Addiction recovery isn’t easy and will likely be accompanied by many physical and emotional hurdles. In many ways, it is almost like you are hitting the restart button on your life but starting over can be exhausting.
The Connection Between Fatigue and Recovery
If you had a substance abuse problem but are now sober and very tired, you are not alone. Feeling tired after quitting alcohol is especially common. It takes time for your body to adjust to your new life; in the meantime, you may be left feeling exhausted.
Lethargy is a common withdrawal symptom for many substances. While insomnia and sleep disturbances may peak during a medical detox, they often don’t completely disappear when the process is over. These withdrawal symptoms can linger and people who are months out of detox may still struggle.
Part of the reason for early sobriety exhaustion is your body trying to adjust to the absence of drugs or alcohol. Drugs and alcohol can disrupt REM and the sleep cycle. People who abuse drugs may also go on binges and not sleep for days at a time. Together, these problems can interfere with a person’s circadian rhythm, their internal clock that regulates their sleep and waking schedule. Especially if you used drugs or alcohol to help you fall asleep in the past, your body needs time to learn to fall asleep on its own again.
How to Battle Fatigue in Early Sobriety
Fatigue in early recovery is common, but there are several ways to combat your sobriety fatigue so that you can continue your sobriety journey feeling well rested.
Set A Sleep Schedule
Many people in recovery who are feeling fatigued are not getting enough good quality sleep. One of the best ways to fight tiredness in recovery is to create a sleep schedule and stick to it. You should go to bed at the same time every night and wake up around the same time every morning, even on the weekends. Although you may be tired, napping throughout the day can make it harder for you to fall asleep at night and throw off your sleeping schedule. Sleep is important in recovery and a regular sleep schedule can reset your circadian rhythm so that you feel less tired during the day.
Create A Pre-Bedtime Routine
Sleep disturbance and insomnia are common in recovery and can lead to early sobriety exhaustion. A good way to help your body fall asleep at night is to create a good pre-sleep routine. Your body and mind may need time to wind down before falling asleep, so use the hour or so before bedtime to relax. Create a routine where you read, meditate, take a bath, have decaffeinated tea, or listen to soothing music. This regular pre-bedtime routine can alert your body and mind that it is almost time for bed and can help make falling asleep easier.
People in recovery may be experiencing sobriety fatigue due in part to stress. Levels of stress can predict levels of fatigue, and high stress levels are correlated with higher levels of fatigue.3 Early recovery especially can be a time of high stress as people adjust to a completely new way of life and combat strong addiction triggers. Make it a point to try to decrease the stress in your life or take measures to de-stress regularly. Yoga, meditation, and cognitive behavioral therapy are all helpful practices.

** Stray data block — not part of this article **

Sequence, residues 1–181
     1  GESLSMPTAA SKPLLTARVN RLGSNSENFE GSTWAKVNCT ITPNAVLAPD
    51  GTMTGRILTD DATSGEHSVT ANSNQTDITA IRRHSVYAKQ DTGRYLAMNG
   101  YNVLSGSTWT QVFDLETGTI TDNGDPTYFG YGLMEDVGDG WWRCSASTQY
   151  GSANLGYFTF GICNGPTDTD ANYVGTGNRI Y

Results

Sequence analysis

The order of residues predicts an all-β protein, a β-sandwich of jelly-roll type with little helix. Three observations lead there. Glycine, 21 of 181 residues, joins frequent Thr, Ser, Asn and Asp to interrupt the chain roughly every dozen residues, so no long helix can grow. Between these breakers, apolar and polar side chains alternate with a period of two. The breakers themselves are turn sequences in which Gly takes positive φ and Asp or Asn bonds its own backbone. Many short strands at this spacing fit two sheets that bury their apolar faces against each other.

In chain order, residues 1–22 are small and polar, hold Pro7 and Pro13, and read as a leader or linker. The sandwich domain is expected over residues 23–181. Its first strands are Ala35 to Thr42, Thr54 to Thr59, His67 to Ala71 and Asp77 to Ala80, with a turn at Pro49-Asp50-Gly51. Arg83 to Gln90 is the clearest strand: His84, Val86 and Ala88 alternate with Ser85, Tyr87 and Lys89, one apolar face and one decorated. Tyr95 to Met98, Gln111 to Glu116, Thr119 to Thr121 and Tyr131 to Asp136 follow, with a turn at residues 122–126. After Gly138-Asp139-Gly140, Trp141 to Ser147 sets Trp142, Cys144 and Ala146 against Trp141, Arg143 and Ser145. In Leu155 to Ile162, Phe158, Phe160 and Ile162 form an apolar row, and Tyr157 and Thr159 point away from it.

If you are fighting fatigue in addiction recovery, the last thing you probably want to do is go to the gym, but exercise can help. Regular exercise is proven to boost mood as well as energy levels.1 Start slow with some stretching and light exercise before working your way up to a more intense exercise routine. If you need motivation, get a friend to join you or try an alternative means of exercise like rollerblading, dance classes, or a sports team.
Mind Your Diet
Changing your diet is one of the many ways to fight fatigue in recovery. A diet high in sugars can lead to crashes. Instead, try to eat energy-boosting foods like whole grains, proteins, vegetables, and healthy oils and eat smaller meals more frequently.2 You should also try to increase your water intake because dehydration is one of the leading causes of fatigue. While caffeine provides a short-term solution for fatigue, it can also come with long-term consequences. Too much caffeine can interrupt your circadian rhythm and sleep schedule, which will ultimately make your problems worse. There is also the dreaded post-caffeine crash that can leave you feeling sluggish in the middle of the day.
Lethargy may be a part of the early recovery journey and learning to deal with sobriety fatigue may take time. Be patient. The more you follow these healthy habits for combating fatigue in recovery, the more likely you are to see improvement. If your fatigue persists for many months, you should consult a doctor. It is possible that other issues are at play and causing you to feel this way.
As a drug and alcohol center in PA, we know that sobriety fatigue is not only bad for your physical and mental health, but it could also lead to relapse. It is important to create good habits in recovery, like those surrounding combating fatigue, that can help your sobriety last.
Getting sober can be a long and trying journey. If you or a loved one is struggling with substance abuse, get help today. At Clearbrook Treatment Centers, we want to help you take that first step in the right direction. Call 570-536-9621 now to learn more.
- ScienceDaily – Regular Exercise Plays A Consistent And Significant Role In Reducing Fatigue
- Harvard Health Publishing – Eating to boost energy
- NCBI – Perceived stress and fatigue among students in a doctor of chiropractic training program